My race began…
when I was “just a twinkle in my daddy’s eye,” as my mom used to put it. My family tree is plagued by a variety of maladies—from obesity and the heart disease or diabetes it can lead to—to depressive tendencies and the granddaddy of all killers, cancer. Needless to say, my genealogical background isn’t exactly bursting with assurances that I’m going to live to 110 years or so old, no matter how badly I want to grow up to be one of the oldest living humans of my time.
From a very early age, I was all too aware of the health concerns that plagued the people I loved most. It started with the loss of my grandfathers (Dad’s dad: heart attack; Mom’s dad: drunk driver), after which my younger brother and I watched our parents steadily gain weight as life’s stresses and a predisposition toward carrying a little extra around the midsection got the better of them. Later, my grandmother (Mom’s mom) would lose her life to complications caused by diabetes, and not long after that both of my parents were told by doctors that their futures weren’t going to look all that different if they didn’t make some serious lifestyle changes, and fast.
While all of this was happening, I was rambunctiously making my way toward adolescence, unconcerned about these grown-up problems being issues that I might personally suffer. Thanks to an (overly) active childhood spent trying to keep up with my older, bigger male cousins, the most pressing health concern I had was the kind of damage that can be sustained by, say, wiping out on one’s dirt bike (scraped knee, bruised pride) or falling off of a poorly constructed “tree house” (read: precariously perched sheets of plywood, had the wind knocked out of me really good). This natural tomboyishness ultimately led to my being a three-sport athlete (basketball, volleyball, softball) and teenage scoffs at the family mantra, “One day this is going to be you.”
That is, until college happened. I, like so many others, fell victim to my newfound freedom to eat pizza three meals a day if I wanted to, and for the first time in years didn’t find my extracurricular life being ruled by a coach’s whistle. I was living it large…er than I realized until an annual visit with the doctor revealed I had gained the infamous “Freshman 15,” plus a few more. Without even realizing it, I had veered off course and was falling down the same slippery slope that I had watched so many family members struggle with for years.
I decided then and there that it was my turn to make some serious lifestyle changes, and that’s where the real running enters My Race. Well, the running really comes after I started by downloading one of those awful calorie-counting apps and cutting back to a diet consisting of 1200 calories per day. My favorite comparison to use here is one I’ve used when writing about food struggles in the past—1200 calories is pretty much a really good sandwich, if we’re being honest with each other. Now make that last the whole day. Not fun. And these were the days before being “hangry” was something that was socially acknowledged. This obnoxious eating habit (or lack thereof) lasted for about six months. I saw a change in the number on the scale, but felt pretty crappy about not being able to eat with the abandon that my seconds-loving self desired, so I went back to an old standby: the gym.
Somewhere along the way, I had let myself believe that running was not something that was as enjoyable as the team sports I had always been a part of. When I finally took the initiative to run for myself, not because someone else was telling me to do it, I realized it could be so much more than the means to a calorie-burning end. Running was not only a mood booster (Hello, endorphins!), it was a competition in and of itself. Each new day was a new opportunity to run a little farther, a little faster. By the time I was applying for graduate programs, I had taken my rekindled passion for running from the gym to the streets, and was signing up for my first half marathon—a racing distance that a year or two earlier would have seemed unfathomable. I finished the 2012 Lansing Half Marathon with a time of 1:52:45 and the knowledge that this would be far from my last half marathon.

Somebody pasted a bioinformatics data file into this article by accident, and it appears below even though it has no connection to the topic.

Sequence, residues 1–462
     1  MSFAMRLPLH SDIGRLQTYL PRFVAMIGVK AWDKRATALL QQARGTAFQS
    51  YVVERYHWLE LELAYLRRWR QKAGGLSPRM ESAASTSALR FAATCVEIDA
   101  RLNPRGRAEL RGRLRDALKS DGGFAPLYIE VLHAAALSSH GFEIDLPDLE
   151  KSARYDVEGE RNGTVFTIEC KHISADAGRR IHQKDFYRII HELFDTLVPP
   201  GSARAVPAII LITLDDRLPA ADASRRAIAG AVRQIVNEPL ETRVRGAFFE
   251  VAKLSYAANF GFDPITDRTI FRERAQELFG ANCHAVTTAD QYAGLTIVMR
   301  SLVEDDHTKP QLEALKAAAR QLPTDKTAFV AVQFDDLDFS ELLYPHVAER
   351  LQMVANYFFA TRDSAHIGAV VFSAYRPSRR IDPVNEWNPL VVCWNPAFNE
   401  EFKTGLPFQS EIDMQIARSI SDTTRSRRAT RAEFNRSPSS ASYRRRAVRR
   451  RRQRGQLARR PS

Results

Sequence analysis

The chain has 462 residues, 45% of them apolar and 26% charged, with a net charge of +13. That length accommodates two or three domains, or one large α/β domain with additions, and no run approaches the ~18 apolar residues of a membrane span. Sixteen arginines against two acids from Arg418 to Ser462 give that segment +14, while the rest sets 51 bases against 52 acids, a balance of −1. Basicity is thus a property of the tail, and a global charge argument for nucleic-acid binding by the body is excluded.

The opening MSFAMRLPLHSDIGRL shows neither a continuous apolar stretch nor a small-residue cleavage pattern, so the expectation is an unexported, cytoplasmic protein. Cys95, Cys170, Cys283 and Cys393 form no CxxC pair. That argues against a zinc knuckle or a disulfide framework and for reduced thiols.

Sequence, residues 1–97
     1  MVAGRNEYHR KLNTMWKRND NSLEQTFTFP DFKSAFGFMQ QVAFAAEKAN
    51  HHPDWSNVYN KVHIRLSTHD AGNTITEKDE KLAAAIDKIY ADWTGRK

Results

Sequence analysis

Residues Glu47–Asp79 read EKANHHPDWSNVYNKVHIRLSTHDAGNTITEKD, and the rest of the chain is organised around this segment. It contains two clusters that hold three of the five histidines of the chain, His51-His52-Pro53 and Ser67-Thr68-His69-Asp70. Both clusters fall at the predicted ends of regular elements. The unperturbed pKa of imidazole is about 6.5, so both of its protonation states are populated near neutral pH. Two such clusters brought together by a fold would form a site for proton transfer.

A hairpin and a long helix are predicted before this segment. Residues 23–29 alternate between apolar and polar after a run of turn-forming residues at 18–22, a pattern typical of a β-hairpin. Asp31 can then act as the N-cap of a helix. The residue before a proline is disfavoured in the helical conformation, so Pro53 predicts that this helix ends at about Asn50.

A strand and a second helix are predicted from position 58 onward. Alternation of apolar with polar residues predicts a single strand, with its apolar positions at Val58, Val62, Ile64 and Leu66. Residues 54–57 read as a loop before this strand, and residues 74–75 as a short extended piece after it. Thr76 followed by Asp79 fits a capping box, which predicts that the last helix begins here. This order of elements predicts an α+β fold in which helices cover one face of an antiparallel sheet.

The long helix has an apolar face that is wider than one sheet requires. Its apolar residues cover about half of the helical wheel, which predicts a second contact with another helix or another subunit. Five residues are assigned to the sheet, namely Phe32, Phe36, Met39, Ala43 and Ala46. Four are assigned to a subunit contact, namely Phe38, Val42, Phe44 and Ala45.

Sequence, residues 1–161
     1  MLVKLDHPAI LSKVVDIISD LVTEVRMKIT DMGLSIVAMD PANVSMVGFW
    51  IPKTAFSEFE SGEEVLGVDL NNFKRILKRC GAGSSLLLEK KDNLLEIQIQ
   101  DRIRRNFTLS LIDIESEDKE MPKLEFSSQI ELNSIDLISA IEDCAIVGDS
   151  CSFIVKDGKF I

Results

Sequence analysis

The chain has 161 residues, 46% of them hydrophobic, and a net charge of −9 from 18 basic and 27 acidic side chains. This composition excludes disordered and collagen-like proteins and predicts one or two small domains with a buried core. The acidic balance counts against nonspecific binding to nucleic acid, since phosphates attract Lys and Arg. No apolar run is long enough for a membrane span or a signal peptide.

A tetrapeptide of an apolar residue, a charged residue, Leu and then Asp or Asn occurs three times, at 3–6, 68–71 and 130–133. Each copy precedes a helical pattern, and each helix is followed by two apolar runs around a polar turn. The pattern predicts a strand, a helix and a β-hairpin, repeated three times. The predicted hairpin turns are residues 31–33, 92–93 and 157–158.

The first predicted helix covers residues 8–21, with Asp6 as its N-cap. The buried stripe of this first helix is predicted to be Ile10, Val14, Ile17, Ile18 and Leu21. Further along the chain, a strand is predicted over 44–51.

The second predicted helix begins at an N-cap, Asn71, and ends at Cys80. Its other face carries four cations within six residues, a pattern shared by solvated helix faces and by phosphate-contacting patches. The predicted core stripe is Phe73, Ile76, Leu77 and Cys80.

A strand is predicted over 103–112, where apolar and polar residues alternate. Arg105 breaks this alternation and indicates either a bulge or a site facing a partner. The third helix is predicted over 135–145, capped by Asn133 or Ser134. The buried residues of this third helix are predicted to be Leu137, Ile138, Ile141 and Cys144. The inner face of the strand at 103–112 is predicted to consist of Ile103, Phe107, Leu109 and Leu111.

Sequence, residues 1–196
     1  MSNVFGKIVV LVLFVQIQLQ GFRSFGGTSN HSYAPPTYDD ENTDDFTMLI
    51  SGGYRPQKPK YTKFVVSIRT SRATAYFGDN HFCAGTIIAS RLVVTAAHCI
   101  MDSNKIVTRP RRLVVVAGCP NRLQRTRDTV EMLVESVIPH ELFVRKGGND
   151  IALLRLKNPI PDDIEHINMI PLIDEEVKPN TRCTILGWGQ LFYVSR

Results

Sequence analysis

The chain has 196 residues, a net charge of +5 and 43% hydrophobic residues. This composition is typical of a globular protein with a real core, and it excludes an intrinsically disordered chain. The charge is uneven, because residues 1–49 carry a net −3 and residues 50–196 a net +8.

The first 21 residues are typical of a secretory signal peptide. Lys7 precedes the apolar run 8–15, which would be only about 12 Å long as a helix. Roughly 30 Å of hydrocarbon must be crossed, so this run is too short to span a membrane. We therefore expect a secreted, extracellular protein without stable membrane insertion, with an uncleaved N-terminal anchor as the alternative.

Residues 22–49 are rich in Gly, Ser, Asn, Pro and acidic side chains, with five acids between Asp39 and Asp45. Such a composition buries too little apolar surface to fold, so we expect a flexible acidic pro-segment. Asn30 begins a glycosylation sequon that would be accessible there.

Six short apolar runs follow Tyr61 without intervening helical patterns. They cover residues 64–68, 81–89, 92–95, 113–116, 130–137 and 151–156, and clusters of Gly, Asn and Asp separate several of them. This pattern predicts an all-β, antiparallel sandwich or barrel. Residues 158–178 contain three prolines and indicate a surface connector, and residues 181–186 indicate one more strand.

In the few short years that have followed that first half marathon, many more have followed and I’ve watched my finishing times fall from 1:50-something to 1:45-ish and finally below 1:40. Around the same time I ran my first sub-1:40 half (NYC, 2014), I signed up for my second full marathon (before technically having run the first). Six months later, I finished the Chicago Marathon with a time of 3:38:37 and came to the realization that a BQ—a Boston Marathon qualifying time—was not that far off if I ran just a little farther, a little faster. A unicorn is the symbol of the running club that organizes the Boston Marathon and I’ve been chasing that unicorn ever since, most recently running the Detroit Marathon in the oh-so-cruel time of 3:35:53… my age group’s qualifying time being the elusive 3:35:00.
I won’t say I didn’t cry that day. In fact, there are some really hideous pictures of my ugly cry as I crossed the finish line that I’m sure you could find on the internet if you tried hard enough. But that’s not really the point here. The point is that, while my race was one that started as a way to stay afloat in my shallow gene pool, it is also a race that has evolved and continued challenging me in ways I never imagined or intended. It’s a race that I plan to run until I’m physically unable to run anymore (hopefully well into my centenary). Until then, you’ll find me running somewhere on the west side with visions of unicorns dancing through my head.
Race To 30 would like to congratulate Danielle on qualifying for the 2018 Boston Marathon at the 2017 Delaware Running Festival!!!
Have fun chasing that unicorn!